The relationship between natural resources and manufacturing is multifaceted. Take gas companies, for example: there’s a longstanding notion that Big Oil is trying to “kill the electric car”. On a surface level, that makes a lot of sense; if there’s a lot of electric cars, they won’t have anyone to sell oil to, so it’s to their advantage to stop cars from going electric. Thinking about it a bit further though, you’ll understand this isn’t necessarily the case; “Big Oil” actually has a pretty substantial reason to invest in renewable technology. Oil is a finite resource, and once it’s gone, it’s gone for good; investing in renewable energy helps oil companies survive in the long-term.


The same is true for the relationship between printing and forestry. You might think that the companies that manufacture paper are going to destroy the forests, but nothing could be further from the truth; forests are essential to paper, so manufacturing companies are highly incentivized to find ways of harvesting trees sustainably. That has a few different ramifications for the forests of the world. One is that paper companies tend to prefer privately owned forest; that is to say, they like to buy trees from what are, essentially, tree farmers. That means they’re encouraging people who have trees on their land to keep their land forested, which encourages them to sustain and develop forests instead of clearing them for other purposes.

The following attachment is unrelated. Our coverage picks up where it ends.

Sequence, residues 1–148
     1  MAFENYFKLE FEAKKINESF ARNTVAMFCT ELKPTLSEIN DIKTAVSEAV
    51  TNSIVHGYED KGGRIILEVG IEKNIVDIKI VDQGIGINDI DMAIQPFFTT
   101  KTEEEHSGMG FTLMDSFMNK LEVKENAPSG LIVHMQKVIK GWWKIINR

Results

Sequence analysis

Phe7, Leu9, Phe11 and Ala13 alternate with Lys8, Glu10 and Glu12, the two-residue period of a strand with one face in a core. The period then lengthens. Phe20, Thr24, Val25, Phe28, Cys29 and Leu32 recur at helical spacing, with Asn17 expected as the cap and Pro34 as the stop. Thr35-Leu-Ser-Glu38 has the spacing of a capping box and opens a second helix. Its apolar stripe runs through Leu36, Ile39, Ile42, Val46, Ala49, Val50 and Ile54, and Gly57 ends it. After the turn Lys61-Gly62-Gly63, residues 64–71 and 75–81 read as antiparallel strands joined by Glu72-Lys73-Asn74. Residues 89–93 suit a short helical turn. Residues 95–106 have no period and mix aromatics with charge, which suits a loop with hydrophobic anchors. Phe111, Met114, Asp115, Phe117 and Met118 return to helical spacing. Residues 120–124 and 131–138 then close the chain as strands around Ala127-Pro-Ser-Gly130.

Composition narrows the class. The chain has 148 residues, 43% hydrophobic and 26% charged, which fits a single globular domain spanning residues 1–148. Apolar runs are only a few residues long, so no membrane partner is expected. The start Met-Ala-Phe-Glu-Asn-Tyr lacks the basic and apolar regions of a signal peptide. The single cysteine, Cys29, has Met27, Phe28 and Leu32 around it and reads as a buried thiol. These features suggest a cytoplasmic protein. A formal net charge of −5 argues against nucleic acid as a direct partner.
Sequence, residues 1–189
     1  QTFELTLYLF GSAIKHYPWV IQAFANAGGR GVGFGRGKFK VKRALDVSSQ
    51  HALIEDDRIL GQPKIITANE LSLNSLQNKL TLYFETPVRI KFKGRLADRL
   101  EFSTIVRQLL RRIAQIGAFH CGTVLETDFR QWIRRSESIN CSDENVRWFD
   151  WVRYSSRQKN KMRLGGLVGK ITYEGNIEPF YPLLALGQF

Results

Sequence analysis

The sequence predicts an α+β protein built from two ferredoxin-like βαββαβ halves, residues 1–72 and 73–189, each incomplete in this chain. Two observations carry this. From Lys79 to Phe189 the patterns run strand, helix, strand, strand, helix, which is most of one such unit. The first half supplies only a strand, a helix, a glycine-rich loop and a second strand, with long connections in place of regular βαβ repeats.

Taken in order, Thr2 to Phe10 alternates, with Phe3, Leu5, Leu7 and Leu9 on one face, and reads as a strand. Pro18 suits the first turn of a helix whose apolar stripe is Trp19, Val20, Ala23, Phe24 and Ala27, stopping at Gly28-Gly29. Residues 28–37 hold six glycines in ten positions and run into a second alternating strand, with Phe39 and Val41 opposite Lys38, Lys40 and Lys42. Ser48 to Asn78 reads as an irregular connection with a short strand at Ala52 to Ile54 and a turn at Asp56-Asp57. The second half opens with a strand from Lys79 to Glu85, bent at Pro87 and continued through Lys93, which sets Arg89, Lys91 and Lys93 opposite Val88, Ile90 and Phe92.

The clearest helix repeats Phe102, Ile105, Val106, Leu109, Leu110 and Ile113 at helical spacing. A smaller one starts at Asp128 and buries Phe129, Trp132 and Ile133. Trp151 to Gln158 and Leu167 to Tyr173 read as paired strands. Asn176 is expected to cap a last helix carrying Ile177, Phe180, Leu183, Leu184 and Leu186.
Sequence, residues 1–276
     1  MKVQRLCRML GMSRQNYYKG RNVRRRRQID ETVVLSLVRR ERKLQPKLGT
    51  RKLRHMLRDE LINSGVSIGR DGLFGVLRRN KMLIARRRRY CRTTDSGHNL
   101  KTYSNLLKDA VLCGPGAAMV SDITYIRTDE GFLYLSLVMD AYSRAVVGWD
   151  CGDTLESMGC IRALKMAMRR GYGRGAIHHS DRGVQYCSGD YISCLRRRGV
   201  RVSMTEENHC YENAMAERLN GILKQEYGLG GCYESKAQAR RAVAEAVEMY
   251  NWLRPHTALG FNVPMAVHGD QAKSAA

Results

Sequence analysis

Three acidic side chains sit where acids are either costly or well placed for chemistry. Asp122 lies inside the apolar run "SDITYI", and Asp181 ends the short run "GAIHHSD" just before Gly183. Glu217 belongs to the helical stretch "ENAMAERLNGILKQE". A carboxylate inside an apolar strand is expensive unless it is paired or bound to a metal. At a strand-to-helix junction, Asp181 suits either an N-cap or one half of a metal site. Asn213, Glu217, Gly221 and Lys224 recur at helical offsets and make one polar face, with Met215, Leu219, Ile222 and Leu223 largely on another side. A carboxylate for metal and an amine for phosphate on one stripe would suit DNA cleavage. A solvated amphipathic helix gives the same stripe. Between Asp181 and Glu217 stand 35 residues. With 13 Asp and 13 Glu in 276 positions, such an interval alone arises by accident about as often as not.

Paper companies are also committed to combating the illegal harvesting of wooded areas. There are a couple of reasons why this is to their advantage. The first is that paper companies are already under scrutiny, because people are worried about sustainable development. By committing to only obtaining fiber from legally harvested sources, they can boost their public image substantially. The second is bureaucratic and legal; getting illegal fiber might provoke legal challenges, and securing legal trees means fewer legal fees. Additionally, all of the lobbying the paper industry might conduct is within a legal framework; illegal harvesting, by definition, skirts these markets, so it makes efforts to change laws inconsequential.


Paper manufacturing companies also want to find ways to harvest and use fiber as efficiently as possible; that means they need to harvest less trees in order to make paper. Paper fibers are recycled and reused at a very high rate; over 55% of paper is reused in this way. That means half as many trees need to be cut down to get results. Technologies to harvest fiber from trees have also become more efficient as time goes on.

This all means that when you’re getting printed materials, you’re actually supporting sustainable forestry. At Print Pro, we do all types of work, from offset to digital printing; no matter what type of printing you have done, though, you can be sure it’s being done ethically.